The United Nations has called for an increase in the number of African Union troop deployed in Somalia to tackle the terror group Al Shabaab.
In a report to the Security Council, UN Secretary-General Ban Ki-Moon recommended an increase of 6,235 uniformed support workers assigned to the African Union Mission in Somalia (AMISOM).
The increase would bring the total number of troops and AMISOM administrative personnel to nearly 24,000.
This appeal by the UN chief comes weeks after the African Union endorsed a move to boost its Somalia force by 35 percent to step up its fight against Al Qaeda-linked Shabaab rebels.
Ban Ki-Moon also asked UN member-states to urgently supply AMISOM with helicopters and other weapons presently unavailable to the Kenyan, Ugandan, Burundian and Sierra Leonean troops that make up the current force.
Uganda is the biggest contributor to the AU force of about 18,000.
The force, funded mainly by the United Nations (UN) and European Union (EU) is fighting the al-Qaeda-linked al-Shabab group in Somalia.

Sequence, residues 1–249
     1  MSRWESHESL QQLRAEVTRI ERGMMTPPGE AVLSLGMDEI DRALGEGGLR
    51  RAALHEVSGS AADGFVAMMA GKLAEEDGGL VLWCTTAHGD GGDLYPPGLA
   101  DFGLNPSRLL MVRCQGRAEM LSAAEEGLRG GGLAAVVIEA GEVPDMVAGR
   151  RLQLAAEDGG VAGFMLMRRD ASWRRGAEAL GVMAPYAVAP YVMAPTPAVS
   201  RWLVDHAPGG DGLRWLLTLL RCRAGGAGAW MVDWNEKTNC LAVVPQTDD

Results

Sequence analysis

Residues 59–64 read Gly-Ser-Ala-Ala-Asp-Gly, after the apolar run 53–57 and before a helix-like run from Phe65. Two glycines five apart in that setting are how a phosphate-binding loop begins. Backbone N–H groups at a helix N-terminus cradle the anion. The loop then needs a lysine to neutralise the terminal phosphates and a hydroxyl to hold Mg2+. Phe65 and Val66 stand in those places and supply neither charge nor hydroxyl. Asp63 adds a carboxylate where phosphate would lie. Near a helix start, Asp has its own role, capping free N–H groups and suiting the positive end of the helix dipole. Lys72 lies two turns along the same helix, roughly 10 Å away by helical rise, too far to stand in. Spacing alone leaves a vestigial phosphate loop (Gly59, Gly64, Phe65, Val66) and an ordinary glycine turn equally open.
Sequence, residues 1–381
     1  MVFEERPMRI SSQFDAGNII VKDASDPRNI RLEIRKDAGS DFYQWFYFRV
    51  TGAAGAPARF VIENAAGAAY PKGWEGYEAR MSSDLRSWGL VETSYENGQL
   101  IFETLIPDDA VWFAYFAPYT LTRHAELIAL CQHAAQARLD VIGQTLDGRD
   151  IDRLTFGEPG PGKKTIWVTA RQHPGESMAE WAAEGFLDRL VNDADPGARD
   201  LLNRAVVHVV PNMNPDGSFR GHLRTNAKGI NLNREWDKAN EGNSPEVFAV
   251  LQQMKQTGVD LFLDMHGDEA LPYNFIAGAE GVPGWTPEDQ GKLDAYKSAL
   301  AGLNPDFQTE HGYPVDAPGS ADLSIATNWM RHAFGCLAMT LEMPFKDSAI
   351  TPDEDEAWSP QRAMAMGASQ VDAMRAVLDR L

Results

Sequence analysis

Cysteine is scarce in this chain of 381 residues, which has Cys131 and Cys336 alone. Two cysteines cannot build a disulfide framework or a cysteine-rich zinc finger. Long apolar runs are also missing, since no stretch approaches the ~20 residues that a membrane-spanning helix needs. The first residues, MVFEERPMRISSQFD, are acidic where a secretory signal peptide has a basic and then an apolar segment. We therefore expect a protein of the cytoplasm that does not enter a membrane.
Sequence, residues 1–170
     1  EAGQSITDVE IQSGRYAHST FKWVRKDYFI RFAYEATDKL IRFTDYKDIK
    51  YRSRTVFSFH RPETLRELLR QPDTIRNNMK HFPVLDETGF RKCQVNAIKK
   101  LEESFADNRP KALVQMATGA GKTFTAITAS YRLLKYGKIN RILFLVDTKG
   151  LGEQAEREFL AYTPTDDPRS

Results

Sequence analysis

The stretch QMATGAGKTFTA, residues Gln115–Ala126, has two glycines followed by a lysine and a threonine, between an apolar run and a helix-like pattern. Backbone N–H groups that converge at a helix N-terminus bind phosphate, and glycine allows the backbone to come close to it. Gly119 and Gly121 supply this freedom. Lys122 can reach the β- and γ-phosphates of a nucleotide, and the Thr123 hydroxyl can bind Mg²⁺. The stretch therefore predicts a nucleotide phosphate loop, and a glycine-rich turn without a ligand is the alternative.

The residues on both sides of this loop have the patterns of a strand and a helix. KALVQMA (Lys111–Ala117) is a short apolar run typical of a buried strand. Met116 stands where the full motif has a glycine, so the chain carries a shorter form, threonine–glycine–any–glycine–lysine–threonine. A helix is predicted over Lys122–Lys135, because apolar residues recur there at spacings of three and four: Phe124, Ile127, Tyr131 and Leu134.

Reporting on his recent visit to Kenya and Somalia, UN Deputy Secretary General Jan Eliasson told the Security Council that after 18 months of successful operations that uprooted Al-Shabaab from major cities, the campaign by AMISOM and Somali forces has stalled, in recent months.
“Without a sufficient level of security, what we have worked so hard for could be sacrificed,” Jan Eliasson, who just returned from a visit to the capital city of Mogadishu, said in a briefing to the Council.
Ban Ki-Moon cited the terror attack at the Westgate Mall, which occurred on 21st September, warning that the silence has allowed Al-Shabaab to prepare more ambitious complex attacks.
Somalia has been torn asunder by factional fighting since 1991 but has recently made progress towards stability. In 2011, Al-Shabaab insurgents retreated from Mogadishu and last year, new Government institutions emerged, as the country ended a transitional phase toward setting up a permanent, democratically-elected Government.
Additional Reporting By Agencies